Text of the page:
Access to Adoption Records Act

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The Access to Adoption Records Act (known before passage as Bill 12), is an Ontario (Canada) law passed in 2008 regarding the disclosure of information between parties involved in adoptions. It is the successor to the 2005 Adoption Information Disclosure Act, parts of which were struck down in 2007 in a ruling by Judge Edward Belobaba of the Ontario Superior Court. The bill passed third reading on May 14, 2008.

The Act's full name is "An Act to amend the Vital Statistics Act in relation to adoption information and to make consequential amendments to the Child and Family Services Act".[1] The most significant provision of the bill was the introduction of a disclosure veto to allow adoptees and birth parents involved in adoptions prior to September 1, 2008 to prevent the release of their names, which would otherwise be available upon request by any concerned party when the adoptee reaches the age of majority.

Adoptions that occurred after September 1, 2008 are open which means that, when requested, identifying information about either the adoptee (as long as he/she is over 18 years of age) or the birth parents can be shared. Either party can file a "No Contact Notice" which tells the other party that they do not want to be contacted (although identifying information is still released). If the other person tries to make contact either directly or indirectly after a "No Contact Notice" has been filed, they could be fined up to $50,000. https://www.ontario.ca/page/search-adoption-records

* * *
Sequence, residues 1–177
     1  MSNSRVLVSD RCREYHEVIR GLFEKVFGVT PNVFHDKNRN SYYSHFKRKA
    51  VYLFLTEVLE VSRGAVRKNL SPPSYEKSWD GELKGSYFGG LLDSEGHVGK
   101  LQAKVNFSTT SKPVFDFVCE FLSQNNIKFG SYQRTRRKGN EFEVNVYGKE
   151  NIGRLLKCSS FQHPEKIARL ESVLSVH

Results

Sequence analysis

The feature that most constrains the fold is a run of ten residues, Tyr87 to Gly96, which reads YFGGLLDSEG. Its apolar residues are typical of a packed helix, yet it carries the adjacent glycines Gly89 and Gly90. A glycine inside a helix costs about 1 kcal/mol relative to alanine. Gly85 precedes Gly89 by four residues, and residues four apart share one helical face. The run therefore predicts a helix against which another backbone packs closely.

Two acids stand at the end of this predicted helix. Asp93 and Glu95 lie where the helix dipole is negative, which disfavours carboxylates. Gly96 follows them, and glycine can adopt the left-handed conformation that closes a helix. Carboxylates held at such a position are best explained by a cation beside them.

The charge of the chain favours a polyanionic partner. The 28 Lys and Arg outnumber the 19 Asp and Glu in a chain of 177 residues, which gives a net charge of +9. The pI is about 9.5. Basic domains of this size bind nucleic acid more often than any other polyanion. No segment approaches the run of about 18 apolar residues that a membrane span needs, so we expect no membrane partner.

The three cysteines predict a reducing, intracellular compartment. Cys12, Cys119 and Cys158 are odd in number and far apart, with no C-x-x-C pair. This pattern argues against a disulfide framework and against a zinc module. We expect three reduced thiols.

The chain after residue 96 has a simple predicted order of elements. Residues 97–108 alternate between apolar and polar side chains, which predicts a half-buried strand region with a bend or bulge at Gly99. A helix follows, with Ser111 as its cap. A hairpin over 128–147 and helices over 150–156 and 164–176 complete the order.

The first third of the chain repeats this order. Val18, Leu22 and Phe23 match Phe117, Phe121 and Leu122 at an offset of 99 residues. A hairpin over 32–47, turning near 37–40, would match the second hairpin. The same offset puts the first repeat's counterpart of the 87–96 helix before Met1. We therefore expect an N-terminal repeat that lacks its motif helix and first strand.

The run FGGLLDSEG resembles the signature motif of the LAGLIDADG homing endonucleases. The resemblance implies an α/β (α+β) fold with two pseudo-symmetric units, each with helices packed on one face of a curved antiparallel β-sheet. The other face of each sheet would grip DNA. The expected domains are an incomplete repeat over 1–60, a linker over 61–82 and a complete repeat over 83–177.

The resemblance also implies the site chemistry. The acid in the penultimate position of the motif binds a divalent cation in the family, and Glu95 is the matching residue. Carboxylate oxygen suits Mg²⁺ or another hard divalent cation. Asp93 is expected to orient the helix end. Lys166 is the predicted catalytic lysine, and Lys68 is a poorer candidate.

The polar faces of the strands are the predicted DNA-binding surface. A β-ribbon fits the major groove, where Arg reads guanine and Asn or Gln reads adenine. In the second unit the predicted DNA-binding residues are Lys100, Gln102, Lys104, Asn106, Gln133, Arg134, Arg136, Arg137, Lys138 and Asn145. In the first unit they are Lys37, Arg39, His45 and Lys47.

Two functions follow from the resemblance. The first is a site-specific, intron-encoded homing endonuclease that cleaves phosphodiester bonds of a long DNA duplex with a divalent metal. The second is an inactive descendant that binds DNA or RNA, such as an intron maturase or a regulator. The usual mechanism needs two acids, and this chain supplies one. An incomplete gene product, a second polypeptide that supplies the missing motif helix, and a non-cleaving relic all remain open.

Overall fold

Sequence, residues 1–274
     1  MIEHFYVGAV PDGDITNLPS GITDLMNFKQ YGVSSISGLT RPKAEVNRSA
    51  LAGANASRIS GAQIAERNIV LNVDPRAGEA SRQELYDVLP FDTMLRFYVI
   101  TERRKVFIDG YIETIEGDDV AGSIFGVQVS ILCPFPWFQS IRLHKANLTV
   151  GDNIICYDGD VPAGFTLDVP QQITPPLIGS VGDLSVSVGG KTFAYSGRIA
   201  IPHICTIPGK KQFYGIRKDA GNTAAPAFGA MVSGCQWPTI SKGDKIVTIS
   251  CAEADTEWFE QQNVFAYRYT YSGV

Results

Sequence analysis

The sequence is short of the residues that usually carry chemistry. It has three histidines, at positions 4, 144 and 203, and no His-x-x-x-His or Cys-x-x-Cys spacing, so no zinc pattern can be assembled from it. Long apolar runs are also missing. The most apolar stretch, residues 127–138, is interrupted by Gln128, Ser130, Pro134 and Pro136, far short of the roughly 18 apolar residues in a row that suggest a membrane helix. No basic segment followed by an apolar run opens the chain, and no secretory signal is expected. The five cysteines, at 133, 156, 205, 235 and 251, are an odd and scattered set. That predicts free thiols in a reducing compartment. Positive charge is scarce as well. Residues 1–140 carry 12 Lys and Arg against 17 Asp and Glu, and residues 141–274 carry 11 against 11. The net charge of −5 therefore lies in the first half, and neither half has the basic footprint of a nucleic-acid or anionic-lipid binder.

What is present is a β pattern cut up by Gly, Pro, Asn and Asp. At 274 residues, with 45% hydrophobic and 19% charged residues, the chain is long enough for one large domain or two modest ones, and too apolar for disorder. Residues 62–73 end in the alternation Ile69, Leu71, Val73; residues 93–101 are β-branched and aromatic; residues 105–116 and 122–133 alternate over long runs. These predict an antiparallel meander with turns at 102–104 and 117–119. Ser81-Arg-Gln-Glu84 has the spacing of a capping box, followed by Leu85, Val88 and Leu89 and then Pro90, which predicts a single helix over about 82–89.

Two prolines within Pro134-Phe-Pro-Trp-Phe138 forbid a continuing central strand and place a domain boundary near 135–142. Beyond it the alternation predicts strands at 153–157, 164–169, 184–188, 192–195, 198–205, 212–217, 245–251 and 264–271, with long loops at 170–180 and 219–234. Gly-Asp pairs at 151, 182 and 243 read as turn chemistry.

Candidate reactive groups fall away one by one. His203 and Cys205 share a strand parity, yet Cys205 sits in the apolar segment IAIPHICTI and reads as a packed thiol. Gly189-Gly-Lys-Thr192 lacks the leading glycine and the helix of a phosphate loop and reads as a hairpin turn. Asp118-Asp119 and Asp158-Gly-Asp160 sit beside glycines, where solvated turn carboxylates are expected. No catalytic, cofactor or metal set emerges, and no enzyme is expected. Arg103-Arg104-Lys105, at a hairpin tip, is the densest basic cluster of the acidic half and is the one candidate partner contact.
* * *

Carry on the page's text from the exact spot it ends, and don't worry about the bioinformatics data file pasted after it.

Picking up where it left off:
In May 2009, the Ontario Ministry of Community and Social Services revealed that 2500 people had filed disclosure vetoes between September 1, 2008 and April 30, 2009, with figures split approximately 50-50 between adoptees and birth parents.[2]

References[edit]

  1. ^ "Bill 12, Access to Adoption Records Act (Vital Statistics Statute Law Amendment), 2008". Legislative Assembly of Ontario. 
  2. ^ Anderssen, Erin (May 28, 2009). "Opening adoption records in Ontario prompts few requests for secrecy". The Globe and Mail. Archived from the original on 20 June 2009. Retrieved 2009-05-29. 

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